One of the byproducts of the pandemic and the associated lockdown has been less in-person human interaction. However, as students return to school and employees return to work, we have seen an uptick in gun violence and mass shootings. We are still evaluating mental health conditions and the potential impact of COVID-19 in the United States and around the world.
In this blog, we will review the implications of the coronavirus and active shooter mitigation strategies, as well as how to evolve your organization or institution accordingly.
Mitigating Gun Violence Liability
Risks are outcomes -- the tangible outcomes are loss of life and damages, while the intangible outcomes are loss of reputation and liability. When it comes to liability, it is important to understand there are two key terms to keep in mind:
- Foreseeability - Should we have foreseen this event could have occurred?
- Reasonability - Did we use reasonable care to protect our stakeholders?
Every facility needs to determine the potential impact and counter-measures to improve the survivability of an active shooter event. These counter-measures typically include video surveillance and mass notifications, as well as an emergency operations plan with formal policies and procedures.
Unfortunately, technology is often an afterthought when it comes to active shooter policies and procedures. There may be technology in place, but it needs to be properly leveraged as part of active shooter preparedness and response.
Leveraging Technology in an Active Shooter Emergency
The definition of prevention is "the action of stopping something from happening or arising." The question is how do we accomplish that with technology? While we do not have precognition to identify crimes before they occur, we do have artificial intelligence that can be employed to identify a firearm and initiate the emergency operations plan within seconds.
Let's say you identify an active shooter when monitoring the footage from your video surveillance cameras -- Now what?
Traditional security technologies tend to be more reactive. Emergency response plans are initiated after someone identifies an active shooter and calls for help or after a firearm is discharged and manual emergency notifications are sent.
The reality is most active shooter situations end in five minutes or less. Additionally, the majority of active shooter incidents end before the police even arrive. For those reasons, every single second during that period of time is absolutely critical.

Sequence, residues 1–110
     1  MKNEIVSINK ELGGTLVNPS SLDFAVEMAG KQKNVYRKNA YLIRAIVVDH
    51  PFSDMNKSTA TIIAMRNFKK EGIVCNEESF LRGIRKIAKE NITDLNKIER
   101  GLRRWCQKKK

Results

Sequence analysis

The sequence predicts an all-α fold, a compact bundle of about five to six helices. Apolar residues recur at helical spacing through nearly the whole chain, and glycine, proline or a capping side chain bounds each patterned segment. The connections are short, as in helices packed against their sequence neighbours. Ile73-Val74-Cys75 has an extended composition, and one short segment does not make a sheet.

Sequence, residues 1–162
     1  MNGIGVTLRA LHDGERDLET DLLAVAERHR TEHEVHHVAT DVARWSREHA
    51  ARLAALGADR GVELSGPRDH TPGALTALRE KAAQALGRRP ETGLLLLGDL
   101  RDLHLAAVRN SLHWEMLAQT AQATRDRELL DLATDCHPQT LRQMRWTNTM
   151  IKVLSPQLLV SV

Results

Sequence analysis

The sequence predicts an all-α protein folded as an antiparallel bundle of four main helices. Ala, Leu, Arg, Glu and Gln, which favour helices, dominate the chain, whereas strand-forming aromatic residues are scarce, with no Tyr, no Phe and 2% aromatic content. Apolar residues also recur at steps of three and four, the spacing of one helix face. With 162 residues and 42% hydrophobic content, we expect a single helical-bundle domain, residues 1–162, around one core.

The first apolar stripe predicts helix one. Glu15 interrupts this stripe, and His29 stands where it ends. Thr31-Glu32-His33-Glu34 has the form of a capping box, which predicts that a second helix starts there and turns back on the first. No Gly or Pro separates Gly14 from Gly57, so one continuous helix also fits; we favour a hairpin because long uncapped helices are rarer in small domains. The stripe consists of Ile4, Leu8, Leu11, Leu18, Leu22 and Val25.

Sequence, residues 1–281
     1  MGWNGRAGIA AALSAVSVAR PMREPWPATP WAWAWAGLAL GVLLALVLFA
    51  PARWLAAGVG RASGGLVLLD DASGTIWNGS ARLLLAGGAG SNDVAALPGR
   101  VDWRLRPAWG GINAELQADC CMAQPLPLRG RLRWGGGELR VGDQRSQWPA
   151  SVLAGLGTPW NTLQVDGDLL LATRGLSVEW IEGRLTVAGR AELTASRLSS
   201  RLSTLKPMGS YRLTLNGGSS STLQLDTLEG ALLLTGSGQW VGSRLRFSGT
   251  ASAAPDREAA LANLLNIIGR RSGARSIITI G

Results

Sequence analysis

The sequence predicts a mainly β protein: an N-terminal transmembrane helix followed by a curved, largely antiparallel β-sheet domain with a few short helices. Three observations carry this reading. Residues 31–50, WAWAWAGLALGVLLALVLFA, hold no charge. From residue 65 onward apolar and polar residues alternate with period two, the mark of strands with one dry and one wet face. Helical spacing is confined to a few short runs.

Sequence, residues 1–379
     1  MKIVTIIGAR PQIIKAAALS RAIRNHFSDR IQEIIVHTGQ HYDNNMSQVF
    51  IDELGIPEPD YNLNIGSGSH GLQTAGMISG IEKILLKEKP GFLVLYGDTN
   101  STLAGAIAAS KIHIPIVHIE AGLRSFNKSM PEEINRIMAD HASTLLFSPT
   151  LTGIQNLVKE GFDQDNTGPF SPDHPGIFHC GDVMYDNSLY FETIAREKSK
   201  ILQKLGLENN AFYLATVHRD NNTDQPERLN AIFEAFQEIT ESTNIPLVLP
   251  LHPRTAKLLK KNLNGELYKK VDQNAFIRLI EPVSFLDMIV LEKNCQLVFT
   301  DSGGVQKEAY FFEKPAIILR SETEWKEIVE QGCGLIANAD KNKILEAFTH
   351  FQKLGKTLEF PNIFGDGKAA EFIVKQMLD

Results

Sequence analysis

Technology is evolving and taking a more preventative approach. Many facilities, such as high school and university campuses, already have video surveillance systems in place. With that said, it is almost impossible for a security team to monitor all cameras at all times.
New visual gun detection technologies, such as Omnilert Gun Detect, leverage artificial intelligence (AI) to actively monitor the video feed. Taking it one step further, the lockdown process and emergency operations plan are then automated. Of course, training employees and students is also an important aspect of proactive active shooter preparedness.
The Most Important Minute
The first minute of an active shooter situation is the most important. It will impact the ultimate outcome of your emergency response. There are three core elements of that first minute when it comes to emergency communications:
- Alerting - Sending out multi-channel notifications and initiating third-party safety technology, such as access control systems and/or audible alerts.
- Mobilizing - Summoning law enforcement and first responders and activating lockdown procedures.
- Collaborating - Engaging with the emergency response team on next steps.
Considering and planning your course of action during those first 60 seconds will decrease risk and improve your ability to succeed if and when the time comes. Emergencies may vary, but they all require a critical communications plan.